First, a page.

+1Posted on Apr 17th | re: Mastodon - "High Road" (11 comments)

I actually wrote about it last year, when we premiered the first track:

 +2Posted on Apr 11th | re: The 5 Best Songs Of The Week (13 comments)

I think he technically holds the title of “junior staff writer” or something, as he has since graduated from intern to paid contributor. I can’t vouch for the “drinking thru straws” thing. He’s also a great guy! Welcome indeed!

 +3Posted on Apr 11th | re: The 5 Best Songs Of The Week (13 comments)

James Rettig!

Guarantee this is some weird viral publicity thing for Season 2 of Orphan Black.

 +4Posted on Apr 4th | re: The 10 Best Nirvana Songs (163 comments)

@Michael_: Definitely not trolling you, didn’t mean to offend you. I think your feeling is totally valid; it’s just not the way these lists are assembled/produced by us. And it’s not analytics that establish a blogger, but words, and you’ve published a lot of ‘em. I say that with the sincerest respect. WITH THAT SAID I am jumping out of these comments now, because the work is piling up over here. Thanks for listening!

 +8Posted on Apr 4th | re: The 10 Best Nirvana Songs (163 comments)

@Ben: Yeah, it happens every time, and for the first few months doing these franchises, I would always step into the comments and explain that these are always and only assigned to writers who are passionate fans of the artist in question, and we’ve in no way asked them to either follow or reject consensus, but to present a list that reflects their feelings as honestly as possible. I stopped making that address in the comments because it made no difference; people accused of us trolling just the same. The only reason I called out Michael_ is because he’s a longtime reader and a pretty established blogger himself and I think he knows in his heart that we don’t operate that way. But it’s a good opportunity for me to restate our editorial policies, even if they only go read by you and Michael_ and other people who comment here regularly anyway.

 +24Posted on Apr 4th | re: The 10 Best Nirvana Songs (163 comments)

Nah, you have my word — hand to heart — we approached this with no such intention, and James was given no such direction (and to be clear, no writer with whom I’ve worked has EVER been told directly or indirectly to be “more controversial”). I’ll be totally straight with you: In this case, we actually considered asking James to reconsider his decision to leave Teen Spirit off the list, before finally deciding that doing so would have been kind of invasive and dishonest. That said, if I had written this list, Teen Spirit would have been No. 1. But I hold James’ opinions on music in the highest esteem, and they’re presented here unaltered, and they are 100-percent sincere.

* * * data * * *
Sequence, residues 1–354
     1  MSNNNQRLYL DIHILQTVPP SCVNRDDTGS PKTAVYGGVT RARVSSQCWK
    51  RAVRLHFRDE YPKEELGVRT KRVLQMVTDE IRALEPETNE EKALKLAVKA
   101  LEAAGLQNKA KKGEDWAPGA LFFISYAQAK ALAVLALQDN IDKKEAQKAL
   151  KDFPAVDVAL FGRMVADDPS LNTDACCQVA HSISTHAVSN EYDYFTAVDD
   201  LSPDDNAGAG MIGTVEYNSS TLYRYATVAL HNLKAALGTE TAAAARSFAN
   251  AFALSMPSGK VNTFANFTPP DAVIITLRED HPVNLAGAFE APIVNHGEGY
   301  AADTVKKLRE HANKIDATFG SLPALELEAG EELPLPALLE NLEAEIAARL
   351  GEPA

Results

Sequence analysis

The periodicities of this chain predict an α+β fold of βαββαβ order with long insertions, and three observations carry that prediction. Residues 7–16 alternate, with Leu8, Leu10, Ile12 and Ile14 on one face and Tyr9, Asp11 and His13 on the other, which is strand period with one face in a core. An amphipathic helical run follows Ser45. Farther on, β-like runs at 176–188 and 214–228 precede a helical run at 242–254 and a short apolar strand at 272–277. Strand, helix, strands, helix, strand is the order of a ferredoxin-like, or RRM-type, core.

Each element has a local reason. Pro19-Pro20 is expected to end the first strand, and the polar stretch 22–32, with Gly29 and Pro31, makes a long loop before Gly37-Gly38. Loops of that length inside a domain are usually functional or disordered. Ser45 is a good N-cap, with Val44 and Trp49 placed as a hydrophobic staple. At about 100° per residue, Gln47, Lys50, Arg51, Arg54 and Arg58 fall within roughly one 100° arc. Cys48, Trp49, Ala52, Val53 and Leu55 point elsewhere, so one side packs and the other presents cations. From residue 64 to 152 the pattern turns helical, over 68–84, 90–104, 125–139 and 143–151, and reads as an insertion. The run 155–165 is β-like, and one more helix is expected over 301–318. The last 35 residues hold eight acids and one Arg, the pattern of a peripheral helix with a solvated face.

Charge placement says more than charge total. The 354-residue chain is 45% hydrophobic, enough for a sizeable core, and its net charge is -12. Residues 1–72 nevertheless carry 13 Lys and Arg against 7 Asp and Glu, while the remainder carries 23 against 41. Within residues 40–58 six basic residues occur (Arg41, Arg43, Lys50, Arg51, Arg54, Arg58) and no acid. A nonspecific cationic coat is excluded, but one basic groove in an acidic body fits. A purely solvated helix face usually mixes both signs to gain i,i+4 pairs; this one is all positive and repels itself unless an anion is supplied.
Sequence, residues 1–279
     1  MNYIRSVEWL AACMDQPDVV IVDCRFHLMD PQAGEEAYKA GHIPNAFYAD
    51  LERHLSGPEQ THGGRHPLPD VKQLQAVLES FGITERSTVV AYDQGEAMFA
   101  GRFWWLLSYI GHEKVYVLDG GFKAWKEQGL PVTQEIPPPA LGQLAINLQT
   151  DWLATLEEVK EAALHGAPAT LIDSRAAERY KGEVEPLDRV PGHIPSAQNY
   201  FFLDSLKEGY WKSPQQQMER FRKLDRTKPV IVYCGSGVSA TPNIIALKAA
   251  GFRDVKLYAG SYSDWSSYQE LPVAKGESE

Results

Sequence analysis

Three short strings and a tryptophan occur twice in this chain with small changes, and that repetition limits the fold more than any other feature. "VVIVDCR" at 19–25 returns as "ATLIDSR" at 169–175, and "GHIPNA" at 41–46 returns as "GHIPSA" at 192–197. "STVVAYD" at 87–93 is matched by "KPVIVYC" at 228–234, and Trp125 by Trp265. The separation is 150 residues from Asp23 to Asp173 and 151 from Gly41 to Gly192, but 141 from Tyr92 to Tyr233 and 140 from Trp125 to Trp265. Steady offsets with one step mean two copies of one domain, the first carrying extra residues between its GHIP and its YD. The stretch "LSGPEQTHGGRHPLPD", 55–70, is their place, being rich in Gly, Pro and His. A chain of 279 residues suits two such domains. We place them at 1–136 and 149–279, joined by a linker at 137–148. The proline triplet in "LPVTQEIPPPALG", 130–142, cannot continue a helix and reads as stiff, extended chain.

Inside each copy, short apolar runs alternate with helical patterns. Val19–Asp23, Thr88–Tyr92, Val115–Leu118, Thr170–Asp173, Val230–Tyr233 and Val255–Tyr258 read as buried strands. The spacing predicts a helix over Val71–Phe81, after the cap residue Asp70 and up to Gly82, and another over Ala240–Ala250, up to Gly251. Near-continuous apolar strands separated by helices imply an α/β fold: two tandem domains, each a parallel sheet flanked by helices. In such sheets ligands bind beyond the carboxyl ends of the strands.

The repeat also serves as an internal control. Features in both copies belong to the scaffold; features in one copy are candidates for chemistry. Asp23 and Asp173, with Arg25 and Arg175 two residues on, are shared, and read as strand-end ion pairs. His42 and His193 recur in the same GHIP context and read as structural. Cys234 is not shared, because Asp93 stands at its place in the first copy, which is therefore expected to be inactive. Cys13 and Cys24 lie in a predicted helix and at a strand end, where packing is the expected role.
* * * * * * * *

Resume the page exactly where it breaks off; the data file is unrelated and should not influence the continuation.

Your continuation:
+24Posted on Apr 4th | re: The 10 Best Nirvana Songs (163 comments)

You think it’s safe to assume we hired James Jackson Toth, an acclaimed songwriter (bka Wooden Wand) and outstanding critic in his own right, to write 3200 words on Nirvana … to troll commenters?

 +17Posted on Apr 4th | re: The 10 Best Nirvana Songs (163 comments)

For anyone not inclined to read the intro, I just want to highlight one section of it, which precedes the list itself:

“Many readers will note the conspicuous absence of Nirvana’s most popular and enduring song from this list. For the record, I concede that “Smells Like Teen Spirit” is a great song (possibly the best song to ever rip off the Pixies), but the fact is, Nirvana recorded better ones. At least ten better, as a matter of fact. Here they are.”

 0Posted on Apr 3rd | re: Ifing - "Realms Forged" (Stereogum Premiere) (8 comments)

Oh man, that Breakfast Stout is so good! But it’s heavy as hell.

(Also, editor’s note: the commenter to whom I am replying, Damian Master, runs Colloquial Sound. Buy his stuff!)